It’s probably been at least 40 years or longer since the recommended treatment for poisonous snakebites in the Official Boy Scout Handbook included instructions on sucking the venom from the victim’s wound. These days the general medical advice for snakebite is to transport the victim to the nearest medical facility for professional treatment.
But Bobby Jenkins, 50, who lives on a ranch in rural Goshen County, Wyoming, was faced with a serious dilemma May 15 when his 11-month-old black Labrador retriever, Tank, was hammered squarely on the nose by a prairie rattlesnake.
“It was 20 minutes to town and I knew he would not make it. So I grabbed his nose and started sucking the rattlesnake poison out of the top of his nose and spit it on the ground,” Jenkins told the Casper Tribune newspaper.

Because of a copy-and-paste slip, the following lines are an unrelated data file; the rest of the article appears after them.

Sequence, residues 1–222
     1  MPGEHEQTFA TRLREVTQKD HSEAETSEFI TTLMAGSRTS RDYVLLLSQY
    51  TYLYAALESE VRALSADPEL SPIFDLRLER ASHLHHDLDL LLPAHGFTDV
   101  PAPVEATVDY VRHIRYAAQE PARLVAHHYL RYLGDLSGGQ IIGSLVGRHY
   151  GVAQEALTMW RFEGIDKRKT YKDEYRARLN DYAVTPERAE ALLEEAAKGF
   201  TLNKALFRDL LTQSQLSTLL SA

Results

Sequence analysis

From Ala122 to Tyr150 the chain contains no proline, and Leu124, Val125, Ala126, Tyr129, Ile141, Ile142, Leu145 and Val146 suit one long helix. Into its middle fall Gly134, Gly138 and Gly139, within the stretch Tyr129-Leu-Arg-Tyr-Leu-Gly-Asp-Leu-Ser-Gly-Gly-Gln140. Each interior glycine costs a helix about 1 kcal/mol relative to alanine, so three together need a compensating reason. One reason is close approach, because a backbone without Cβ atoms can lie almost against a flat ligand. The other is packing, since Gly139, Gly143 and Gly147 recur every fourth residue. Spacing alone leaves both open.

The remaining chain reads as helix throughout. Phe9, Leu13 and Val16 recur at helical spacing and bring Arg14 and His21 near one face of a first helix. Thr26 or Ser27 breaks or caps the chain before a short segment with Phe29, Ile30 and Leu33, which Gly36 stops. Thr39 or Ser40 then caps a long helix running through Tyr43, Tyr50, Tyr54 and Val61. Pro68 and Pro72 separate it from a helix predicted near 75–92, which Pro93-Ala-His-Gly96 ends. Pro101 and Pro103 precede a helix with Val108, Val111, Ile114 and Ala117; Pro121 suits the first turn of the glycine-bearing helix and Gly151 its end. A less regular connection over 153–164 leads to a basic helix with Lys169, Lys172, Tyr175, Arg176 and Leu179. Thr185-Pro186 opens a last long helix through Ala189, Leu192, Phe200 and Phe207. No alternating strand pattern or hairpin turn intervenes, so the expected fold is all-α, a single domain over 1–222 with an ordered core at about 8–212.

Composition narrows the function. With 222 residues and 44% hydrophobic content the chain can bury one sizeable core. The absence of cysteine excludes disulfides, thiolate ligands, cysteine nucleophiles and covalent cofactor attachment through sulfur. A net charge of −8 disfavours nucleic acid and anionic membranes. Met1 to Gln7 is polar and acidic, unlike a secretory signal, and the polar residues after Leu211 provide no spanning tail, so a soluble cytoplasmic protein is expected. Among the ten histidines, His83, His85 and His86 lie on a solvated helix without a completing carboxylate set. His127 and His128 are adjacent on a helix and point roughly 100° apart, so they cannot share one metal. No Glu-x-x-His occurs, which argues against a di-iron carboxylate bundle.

By the time Jenkins transported his dog to the nearest animal doctor in Torrington, the Lab’s head had ballooned to grotesque proportions. Rattlesnake antivenin was immediately applied to the ailing canine and he soon exhibited a favorable reaction to the treatment.
But by that time, Jenkins began feeling woozy and faint, an apparent reaction to the snake venom he’d accidentally ingested in his attempt to save Tank. At the local hospital emergency room he was treated with multiple injections of anti-venom medication before his vital signs returned to normal.
In the end, the Snakes-on-the-Plains incident ended well for both rattler-poisoned victims, and Jenkins is confident his actions saved his Lab’s life.
“It was just instinct,” he said. “I saved the dog and I saved myself.”